In 1723, he was arrested for pickpocketing. When one of his most devoted prostitute companions came to visit him, she was promptly arrested as well. They made their escape from New Prison, Clerkenwell by hopping a 6.7-meter (22 ft) wall. A year later, the same girl distracted the guards while Sheppard escaped through a high, narrow window in Newgate. The same year, Sheppard escaped from Newgate once again by getting out of his handcuffs, picking a number of locks, and finally making it to the prison’s roof. He was arrested a short time later during a drunken celebration and was sentenced to hang.
He had an escape plan for that, too, and it involved author Daniel Defoe. Defoe, who had already ghostwritten an autobiography that detailed Sheppard’s crimes and escapes, was to secure his body after he was hanged and attempt to revive him. Unfortunately for Sheppard, he was such a popular figure that the crowd that had assembled at his hanging rushed the gallows as he dropped, grabbing him and pulling him downward to give him a less painful, more dignified death than the slow strangulation that he had counted on.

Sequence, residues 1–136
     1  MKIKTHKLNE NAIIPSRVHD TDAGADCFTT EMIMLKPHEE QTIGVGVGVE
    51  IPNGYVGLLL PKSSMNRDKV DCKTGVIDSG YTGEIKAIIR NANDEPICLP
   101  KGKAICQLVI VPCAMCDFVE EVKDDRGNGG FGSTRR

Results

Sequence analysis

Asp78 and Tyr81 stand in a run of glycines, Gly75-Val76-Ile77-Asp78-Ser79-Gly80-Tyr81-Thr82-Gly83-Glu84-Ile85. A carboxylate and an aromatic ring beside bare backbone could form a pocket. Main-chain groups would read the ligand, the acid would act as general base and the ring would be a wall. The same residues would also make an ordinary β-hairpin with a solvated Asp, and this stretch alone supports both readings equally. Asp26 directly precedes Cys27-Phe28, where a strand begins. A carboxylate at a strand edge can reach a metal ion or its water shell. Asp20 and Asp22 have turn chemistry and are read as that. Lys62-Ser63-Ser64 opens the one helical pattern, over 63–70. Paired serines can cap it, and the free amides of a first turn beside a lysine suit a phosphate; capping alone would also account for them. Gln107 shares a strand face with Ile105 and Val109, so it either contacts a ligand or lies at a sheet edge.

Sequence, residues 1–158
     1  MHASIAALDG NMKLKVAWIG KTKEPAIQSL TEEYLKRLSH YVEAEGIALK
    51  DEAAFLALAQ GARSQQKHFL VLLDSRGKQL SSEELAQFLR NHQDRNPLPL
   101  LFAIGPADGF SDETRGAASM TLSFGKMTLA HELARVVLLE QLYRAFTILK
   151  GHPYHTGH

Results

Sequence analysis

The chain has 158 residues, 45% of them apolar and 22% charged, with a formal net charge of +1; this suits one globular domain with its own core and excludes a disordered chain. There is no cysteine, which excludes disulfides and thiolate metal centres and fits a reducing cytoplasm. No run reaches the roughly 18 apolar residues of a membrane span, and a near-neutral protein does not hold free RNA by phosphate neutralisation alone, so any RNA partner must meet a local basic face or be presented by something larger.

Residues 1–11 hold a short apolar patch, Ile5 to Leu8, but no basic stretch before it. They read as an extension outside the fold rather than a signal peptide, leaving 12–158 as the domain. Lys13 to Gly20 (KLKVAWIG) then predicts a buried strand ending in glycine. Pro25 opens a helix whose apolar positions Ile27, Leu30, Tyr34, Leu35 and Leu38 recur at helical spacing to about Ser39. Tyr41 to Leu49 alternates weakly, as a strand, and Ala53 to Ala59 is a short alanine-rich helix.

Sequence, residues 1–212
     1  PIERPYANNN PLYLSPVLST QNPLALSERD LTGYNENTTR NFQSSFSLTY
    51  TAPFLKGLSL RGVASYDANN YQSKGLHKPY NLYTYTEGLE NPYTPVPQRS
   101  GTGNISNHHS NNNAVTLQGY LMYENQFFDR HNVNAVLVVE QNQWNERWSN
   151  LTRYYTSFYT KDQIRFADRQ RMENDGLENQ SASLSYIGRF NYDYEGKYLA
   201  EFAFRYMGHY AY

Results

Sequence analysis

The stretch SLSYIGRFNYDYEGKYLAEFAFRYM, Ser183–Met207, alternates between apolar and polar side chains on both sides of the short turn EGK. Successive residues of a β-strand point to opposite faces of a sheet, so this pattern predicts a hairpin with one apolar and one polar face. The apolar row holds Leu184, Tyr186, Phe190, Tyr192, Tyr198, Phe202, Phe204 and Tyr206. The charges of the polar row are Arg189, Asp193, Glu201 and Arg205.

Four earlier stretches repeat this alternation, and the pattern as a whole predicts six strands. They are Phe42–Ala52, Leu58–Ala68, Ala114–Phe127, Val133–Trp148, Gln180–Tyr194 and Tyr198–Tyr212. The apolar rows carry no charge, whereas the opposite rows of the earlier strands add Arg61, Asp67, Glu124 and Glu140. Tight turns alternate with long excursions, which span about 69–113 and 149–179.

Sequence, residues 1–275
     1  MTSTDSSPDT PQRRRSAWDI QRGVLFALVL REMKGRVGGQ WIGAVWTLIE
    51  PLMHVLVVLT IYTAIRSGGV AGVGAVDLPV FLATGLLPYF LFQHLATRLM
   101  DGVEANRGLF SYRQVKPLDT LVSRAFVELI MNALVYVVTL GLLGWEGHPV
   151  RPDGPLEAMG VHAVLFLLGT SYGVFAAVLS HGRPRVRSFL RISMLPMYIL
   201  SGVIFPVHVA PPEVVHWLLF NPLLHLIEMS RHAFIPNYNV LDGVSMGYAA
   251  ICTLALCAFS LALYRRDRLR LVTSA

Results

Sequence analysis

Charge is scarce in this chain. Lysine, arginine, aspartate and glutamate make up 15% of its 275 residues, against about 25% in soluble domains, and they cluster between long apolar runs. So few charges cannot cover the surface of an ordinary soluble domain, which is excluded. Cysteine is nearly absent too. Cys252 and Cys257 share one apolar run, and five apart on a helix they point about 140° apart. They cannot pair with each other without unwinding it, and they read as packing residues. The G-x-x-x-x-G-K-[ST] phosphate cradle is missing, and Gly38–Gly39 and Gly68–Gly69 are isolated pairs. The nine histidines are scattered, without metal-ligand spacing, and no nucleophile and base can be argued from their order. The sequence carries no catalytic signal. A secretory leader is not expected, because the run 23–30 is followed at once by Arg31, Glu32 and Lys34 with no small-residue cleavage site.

Isaac Darkin was 18 years old when he robbed his first victim. He was promptly arrested. Because of his age, he escaped the death penalty on the condition that he enlist in the military. By all appearances, he agreed, boarding a ship bound for the West Indies. He jumped ship before it had even sailed from the Thames, bribing a merchant vessel to let him aboard. Once he was back on land, he changed his name to Dumas and took to making a living robbing people throughout the Western parts of England.
Deciding that he needed a real career—and a respectable one, should anyone start asking questions—Darkin enlisted in the Navy, while continuing his career as a highwayman and ladies’ man. He was well known for his dislike of crude language and his invariably proper, well-dressed, and elegant appearance. It was when he robbed Lord Percival that he finally had another run-in with the law. Denying his identity and nationality didn’t actually fool anyone, but Darkin was still released on a technicality, much to the dismay of the women who had taken to visiting him in jail. He headed to London, where he was arrested on another charge of highway robbery and, this time, found guilty. He was executed in 1761, when he was 21 years old.